France to push for EU company tax
France is planning to push forward plans for a common EU company tax base during its six-month term at the bloc's chair, starting in July.
"It has been going on for a long time but this is one issue that we are determined to push," French economy minister Christine Lagarde told reporters on Monday (7 April), following a tax forum organised by the European Commission.
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The corporate tax base idea has been advocated by EU tax commissioner Laszlo Kovacs as a way to simplify cross-border business and cut red tape for European companies by setting up a single system for calculating taxes across the 27 member states.
But it has been so far strongly opposed by a bunch of countries, mainly the UK, Ireland, Estonia, Lithuania and Slovakia. They fear such a common tax base would be the first step towards harmonisation of tax rates, an area defended by EU states on national sovereignty grounds.
But both Paris and the EU executive deny this assumption. "Whether you have 12 percent in Ireland, or 33 percent in France, or 15 percent in Germany is irrelevant," argued Ms Lagarde.
"What matters is what is the ultimate taxation paid by companies. That depends on two things, the tax rate and the basis. Agreeing on the basis would be extremely positive. So we will push for that," she added.
The commission has set up a special working group which includes national experts to work on calculations of a base which would be acceptable by all countries. Brussels is also awaiting results of an impact assessment study before it tables concrete legislation.
Tax-related issues need to be agreed by unanimity but Mr Kovacs argues the corporate tax base could be kicked off and function even without the group of states which are opposed to the model.
Still, some commission officials suggest presentation of the plan by Brussels has been delayed until the second part of the year due to fears it could negatively influence the referendum on the EU's new Lisbon treaty in Ireland, scheduled for 12 June.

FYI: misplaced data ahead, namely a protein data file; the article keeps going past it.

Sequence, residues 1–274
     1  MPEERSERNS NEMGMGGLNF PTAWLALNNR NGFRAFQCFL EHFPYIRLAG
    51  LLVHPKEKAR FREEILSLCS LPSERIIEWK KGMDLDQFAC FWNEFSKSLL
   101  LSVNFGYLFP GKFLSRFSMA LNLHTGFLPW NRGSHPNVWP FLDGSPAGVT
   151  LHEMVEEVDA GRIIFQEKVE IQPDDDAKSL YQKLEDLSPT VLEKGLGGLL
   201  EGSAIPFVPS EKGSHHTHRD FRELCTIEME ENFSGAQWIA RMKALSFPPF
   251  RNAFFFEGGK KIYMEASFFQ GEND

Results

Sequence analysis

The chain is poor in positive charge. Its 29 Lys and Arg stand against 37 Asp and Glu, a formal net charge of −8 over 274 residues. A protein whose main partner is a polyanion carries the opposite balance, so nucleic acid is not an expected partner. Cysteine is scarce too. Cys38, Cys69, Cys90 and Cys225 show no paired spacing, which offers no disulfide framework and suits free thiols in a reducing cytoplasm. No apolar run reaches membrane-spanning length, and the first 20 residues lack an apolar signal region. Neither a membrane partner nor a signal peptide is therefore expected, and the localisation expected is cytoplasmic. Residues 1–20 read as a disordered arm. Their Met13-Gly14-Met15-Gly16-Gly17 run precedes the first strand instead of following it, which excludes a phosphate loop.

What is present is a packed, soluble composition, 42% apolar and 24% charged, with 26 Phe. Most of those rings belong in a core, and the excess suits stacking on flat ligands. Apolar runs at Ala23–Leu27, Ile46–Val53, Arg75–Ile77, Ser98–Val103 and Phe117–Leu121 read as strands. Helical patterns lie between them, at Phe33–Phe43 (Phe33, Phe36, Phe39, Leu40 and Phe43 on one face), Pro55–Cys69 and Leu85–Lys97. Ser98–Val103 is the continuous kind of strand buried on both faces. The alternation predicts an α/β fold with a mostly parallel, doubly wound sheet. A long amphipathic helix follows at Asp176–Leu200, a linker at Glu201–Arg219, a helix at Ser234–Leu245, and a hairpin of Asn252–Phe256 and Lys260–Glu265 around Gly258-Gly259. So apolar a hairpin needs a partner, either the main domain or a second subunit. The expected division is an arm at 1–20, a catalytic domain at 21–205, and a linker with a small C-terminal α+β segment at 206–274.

Doubts over green taxes
Meanwhile, the incoming French presidency is still also hoping to make headway with its joint initiative with Britain on the introduction of reduced VAT rates for energy efficient products, such as light bulbs or refrigerators.
While EU leaders asked the commission to look into the matter at their March summit, several states expressed objections to the idea, with the commission also doubtful about its chances to push it through.
"While in principle everybody would agree, then you run into the issue of what is green and what is not green," Ms Lagarde admitted, adding: "What is a green product today and what is a green product tomorrow?"
Apart from such technical complications, Mr Kovacs said some countries favour other types of instruments for supporting energy-saving products.
"I think the essence of the French-British proposal is to promote environmentally friendly and energy saving materials, products and appliances. We do agree with that. What is technically the best solution is another question," the commissioner said.
Also speaking at the tax forum, EU industry commissioner Gunter Verheugen announced he would introduce some basic rules and criteria for all products to prove they are energy-efficient and become eligible for tax incentives.